If you're one of those newcomers, Little Britain features Lucas and Walliams portraying a wide array of characters, like mouthy delinquent Vicky Pollard (Lucas), who tries talking her way out of every situation with a nearly incomprehensible torrent of complaints and schoolyard gossip. Emily Howard (Walliams), is the world's least convincing transvestite, who constantly insists that she's "a lady" who enjoys "lady's things." Daffyd (Lucas), is a chunky, latex-loving poof who insists that he's "the only gay in the village," despite constant evidence to the contrary. Marjorie Dawes (Lucas), poorly moderates weekly "Fat Fighters" diet meetings -- think Weight Watchers gone horribly wrong. Carol (Walliams) is a sneering receptionist who can wave off any request with a deadpan "Computer says no."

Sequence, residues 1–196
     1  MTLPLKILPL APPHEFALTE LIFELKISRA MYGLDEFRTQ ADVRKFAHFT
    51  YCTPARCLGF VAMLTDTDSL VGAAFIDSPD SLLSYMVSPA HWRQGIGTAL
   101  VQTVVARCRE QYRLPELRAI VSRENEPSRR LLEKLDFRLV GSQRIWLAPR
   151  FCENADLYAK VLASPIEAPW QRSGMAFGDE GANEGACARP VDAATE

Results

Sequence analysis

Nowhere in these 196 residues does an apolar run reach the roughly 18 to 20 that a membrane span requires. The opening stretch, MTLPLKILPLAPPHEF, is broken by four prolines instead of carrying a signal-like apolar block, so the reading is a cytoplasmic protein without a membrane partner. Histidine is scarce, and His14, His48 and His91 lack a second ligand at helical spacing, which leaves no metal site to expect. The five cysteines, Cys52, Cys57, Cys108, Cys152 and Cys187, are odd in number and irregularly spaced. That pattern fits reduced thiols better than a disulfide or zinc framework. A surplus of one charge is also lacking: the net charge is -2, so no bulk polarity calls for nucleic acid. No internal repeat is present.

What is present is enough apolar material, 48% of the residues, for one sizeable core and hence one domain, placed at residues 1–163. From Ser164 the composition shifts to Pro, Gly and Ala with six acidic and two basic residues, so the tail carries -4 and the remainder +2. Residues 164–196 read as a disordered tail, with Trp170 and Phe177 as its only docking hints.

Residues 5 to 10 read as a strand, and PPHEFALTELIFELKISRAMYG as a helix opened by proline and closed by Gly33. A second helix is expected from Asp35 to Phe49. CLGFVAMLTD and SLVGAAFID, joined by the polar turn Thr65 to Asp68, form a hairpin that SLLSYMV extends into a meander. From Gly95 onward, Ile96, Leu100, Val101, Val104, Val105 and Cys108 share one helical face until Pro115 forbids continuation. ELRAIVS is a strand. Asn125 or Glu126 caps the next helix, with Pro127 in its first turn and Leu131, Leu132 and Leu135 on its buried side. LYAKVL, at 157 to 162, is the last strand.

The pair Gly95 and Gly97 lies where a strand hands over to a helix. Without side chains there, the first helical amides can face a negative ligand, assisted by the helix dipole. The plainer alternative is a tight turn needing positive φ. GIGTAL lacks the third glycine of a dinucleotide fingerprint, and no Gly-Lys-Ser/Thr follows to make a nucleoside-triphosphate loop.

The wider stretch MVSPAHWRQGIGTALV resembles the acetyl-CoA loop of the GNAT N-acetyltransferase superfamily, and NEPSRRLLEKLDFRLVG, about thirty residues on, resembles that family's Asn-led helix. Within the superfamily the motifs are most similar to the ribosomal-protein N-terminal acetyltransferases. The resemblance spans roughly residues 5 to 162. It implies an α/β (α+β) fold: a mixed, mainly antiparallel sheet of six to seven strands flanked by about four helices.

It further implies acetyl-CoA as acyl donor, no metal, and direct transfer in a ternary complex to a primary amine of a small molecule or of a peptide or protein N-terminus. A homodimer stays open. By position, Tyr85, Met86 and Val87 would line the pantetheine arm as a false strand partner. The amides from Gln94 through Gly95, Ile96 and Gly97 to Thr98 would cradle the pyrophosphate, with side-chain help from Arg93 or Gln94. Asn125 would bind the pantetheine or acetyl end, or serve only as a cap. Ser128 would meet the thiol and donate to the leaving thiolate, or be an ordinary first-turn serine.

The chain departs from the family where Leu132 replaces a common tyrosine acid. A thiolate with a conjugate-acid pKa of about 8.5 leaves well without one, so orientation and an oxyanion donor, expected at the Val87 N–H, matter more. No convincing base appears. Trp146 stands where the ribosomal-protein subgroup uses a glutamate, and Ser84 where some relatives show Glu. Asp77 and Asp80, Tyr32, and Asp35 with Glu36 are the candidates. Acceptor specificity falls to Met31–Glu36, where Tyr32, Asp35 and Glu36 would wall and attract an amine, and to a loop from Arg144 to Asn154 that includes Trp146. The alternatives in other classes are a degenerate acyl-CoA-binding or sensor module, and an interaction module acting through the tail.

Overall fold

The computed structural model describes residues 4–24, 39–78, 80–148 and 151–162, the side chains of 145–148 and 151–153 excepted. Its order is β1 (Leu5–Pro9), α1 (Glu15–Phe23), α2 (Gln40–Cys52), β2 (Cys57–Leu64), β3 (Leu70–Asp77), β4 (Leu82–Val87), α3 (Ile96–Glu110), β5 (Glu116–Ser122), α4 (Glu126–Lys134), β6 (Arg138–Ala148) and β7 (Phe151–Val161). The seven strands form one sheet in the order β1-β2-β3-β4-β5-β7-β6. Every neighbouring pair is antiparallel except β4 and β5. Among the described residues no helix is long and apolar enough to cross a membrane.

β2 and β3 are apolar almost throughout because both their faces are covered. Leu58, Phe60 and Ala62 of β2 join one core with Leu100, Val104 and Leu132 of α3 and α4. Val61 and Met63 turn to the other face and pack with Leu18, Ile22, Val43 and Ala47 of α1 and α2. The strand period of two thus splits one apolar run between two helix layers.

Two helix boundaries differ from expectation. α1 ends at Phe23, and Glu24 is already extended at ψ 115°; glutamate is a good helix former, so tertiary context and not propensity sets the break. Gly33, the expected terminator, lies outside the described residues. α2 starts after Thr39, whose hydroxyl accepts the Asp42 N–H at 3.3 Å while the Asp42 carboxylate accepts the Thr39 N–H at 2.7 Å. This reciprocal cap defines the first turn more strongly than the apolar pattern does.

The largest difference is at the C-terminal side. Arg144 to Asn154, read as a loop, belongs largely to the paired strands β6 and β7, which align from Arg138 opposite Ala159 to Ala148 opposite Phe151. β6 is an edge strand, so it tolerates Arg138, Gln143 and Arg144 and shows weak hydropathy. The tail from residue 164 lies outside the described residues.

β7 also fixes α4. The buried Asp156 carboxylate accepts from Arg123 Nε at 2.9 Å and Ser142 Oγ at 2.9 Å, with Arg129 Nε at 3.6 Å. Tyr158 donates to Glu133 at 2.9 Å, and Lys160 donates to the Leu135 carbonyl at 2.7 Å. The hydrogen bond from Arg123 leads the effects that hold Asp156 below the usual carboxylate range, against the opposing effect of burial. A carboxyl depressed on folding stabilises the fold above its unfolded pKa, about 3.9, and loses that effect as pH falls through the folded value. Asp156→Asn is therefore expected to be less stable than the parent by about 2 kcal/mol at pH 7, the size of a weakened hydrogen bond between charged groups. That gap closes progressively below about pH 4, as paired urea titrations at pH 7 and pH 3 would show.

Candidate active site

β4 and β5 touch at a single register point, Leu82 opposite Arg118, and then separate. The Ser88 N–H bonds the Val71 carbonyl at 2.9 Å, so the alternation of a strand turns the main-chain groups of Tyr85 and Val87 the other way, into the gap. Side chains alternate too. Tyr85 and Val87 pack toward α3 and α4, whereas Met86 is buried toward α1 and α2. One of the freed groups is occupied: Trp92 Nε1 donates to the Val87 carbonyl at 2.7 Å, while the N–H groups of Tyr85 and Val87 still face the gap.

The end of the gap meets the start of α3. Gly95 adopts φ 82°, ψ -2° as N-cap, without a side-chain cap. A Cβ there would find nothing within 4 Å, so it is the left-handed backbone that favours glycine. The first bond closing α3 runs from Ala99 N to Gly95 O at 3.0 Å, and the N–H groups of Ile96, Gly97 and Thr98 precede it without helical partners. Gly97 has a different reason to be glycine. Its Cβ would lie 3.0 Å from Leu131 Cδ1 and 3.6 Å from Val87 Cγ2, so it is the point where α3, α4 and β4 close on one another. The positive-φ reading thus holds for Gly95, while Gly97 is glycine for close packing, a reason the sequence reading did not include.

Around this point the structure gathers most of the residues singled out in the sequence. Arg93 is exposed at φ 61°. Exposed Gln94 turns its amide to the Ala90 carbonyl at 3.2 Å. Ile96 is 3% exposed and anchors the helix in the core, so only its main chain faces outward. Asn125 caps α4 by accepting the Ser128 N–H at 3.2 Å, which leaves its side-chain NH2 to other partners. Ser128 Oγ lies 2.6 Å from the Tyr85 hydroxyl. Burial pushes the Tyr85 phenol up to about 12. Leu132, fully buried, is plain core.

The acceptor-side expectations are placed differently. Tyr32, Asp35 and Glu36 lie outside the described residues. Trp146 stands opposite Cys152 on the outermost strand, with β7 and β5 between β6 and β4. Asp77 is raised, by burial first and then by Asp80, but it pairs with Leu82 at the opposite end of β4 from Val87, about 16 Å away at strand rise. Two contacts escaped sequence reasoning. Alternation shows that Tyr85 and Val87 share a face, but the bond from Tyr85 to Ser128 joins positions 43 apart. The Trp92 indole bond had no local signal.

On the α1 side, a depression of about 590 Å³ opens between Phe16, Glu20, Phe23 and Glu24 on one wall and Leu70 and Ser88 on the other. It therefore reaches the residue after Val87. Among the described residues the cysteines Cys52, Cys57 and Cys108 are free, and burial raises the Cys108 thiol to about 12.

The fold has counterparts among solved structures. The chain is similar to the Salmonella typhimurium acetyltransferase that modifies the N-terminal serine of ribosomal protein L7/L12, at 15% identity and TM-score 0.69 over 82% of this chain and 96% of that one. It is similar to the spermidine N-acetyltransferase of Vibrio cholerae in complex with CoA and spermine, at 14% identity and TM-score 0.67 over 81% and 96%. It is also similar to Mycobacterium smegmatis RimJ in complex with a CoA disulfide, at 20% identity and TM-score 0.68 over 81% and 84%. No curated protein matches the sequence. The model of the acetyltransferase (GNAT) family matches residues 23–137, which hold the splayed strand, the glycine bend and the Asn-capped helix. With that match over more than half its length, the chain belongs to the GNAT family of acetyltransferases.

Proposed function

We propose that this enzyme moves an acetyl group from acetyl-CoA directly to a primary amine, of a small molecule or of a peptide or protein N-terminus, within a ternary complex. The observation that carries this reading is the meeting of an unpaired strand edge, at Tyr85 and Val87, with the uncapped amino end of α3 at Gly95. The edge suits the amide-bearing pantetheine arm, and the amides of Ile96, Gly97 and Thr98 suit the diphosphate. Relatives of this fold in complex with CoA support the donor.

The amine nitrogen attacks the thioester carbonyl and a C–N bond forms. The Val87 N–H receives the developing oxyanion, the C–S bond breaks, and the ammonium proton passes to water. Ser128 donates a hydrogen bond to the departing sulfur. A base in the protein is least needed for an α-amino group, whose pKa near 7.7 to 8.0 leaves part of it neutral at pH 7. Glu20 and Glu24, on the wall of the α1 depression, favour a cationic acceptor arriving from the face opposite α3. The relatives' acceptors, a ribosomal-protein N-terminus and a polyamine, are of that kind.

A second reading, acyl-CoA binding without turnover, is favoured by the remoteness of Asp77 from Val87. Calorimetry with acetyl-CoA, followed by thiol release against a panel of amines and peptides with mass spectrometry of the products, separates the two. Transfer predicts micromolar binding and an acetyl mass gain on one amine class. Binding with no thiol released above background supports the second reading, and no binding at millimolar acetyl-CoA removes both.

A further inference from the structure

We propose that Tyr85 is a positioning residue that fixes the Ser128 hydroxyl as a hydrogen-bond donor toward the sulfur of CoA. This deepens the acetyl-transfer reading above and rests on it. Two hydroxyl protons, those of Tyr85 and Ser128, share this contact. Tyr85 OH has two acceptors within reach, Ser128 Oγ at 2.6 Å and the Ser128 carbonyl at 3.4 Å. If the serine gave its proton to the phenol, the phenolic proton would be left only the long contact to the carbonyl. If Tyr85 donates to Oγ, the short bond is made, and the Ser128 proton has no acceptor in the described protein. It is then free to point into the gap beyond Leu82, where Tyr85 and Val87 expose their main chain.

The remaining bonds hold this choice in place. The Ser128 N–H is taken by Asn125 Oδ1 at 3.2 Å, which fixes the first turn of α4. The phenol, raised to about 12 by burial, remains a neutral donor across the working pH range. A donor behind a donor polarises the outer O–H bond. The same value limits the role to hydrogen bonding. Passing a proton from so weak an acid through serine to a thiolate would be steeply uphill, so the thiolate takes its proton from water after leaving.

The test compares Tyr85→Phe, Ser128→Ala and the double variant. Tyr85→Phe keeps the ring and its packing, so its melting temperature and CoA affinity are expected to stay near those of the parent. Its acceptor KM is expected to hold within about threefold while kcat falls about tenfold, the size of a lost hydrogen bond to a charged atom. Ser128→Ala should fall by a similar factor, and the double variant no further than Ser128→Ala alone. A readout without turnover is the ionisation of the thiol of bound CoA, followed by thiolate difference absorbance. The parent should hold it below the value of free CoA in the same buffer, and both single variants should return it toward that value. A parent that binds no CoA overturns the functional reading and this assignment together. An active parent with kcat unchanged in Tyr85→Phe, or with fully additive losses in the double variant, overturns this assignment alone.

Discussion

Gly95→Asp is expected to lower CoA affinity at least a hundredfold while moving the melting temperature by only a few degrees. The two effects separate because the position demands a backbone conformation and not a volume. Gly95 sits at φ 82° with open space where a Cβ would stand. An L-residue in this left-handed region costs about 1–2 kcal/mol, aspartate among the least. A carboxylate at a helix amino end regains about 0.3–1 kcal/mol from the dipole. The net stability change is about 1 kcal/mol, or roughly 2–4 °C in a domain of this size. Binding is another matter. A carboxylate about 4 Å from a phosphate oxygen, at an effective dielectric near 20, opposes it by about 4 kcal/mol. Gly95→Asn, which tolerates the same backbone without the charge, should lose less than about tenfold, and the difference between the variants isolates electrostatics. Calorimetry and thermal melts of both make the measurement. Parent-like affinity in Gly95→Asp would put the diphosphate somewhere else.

Both Walliams and Lucas seem surprised that these rather specifically British characters have been embraced by the show's American fans. "To be honest with you," admits Lucas, "it wasn't actually until we arrived to make the show that we had any sense that we had any audience at all in the States." Walliams adds, "People around the world have responded to [Vicky], but she's meant to be a teenage girl from Bristol, which is a city in the west of England. But comedy may be more universal than we might think."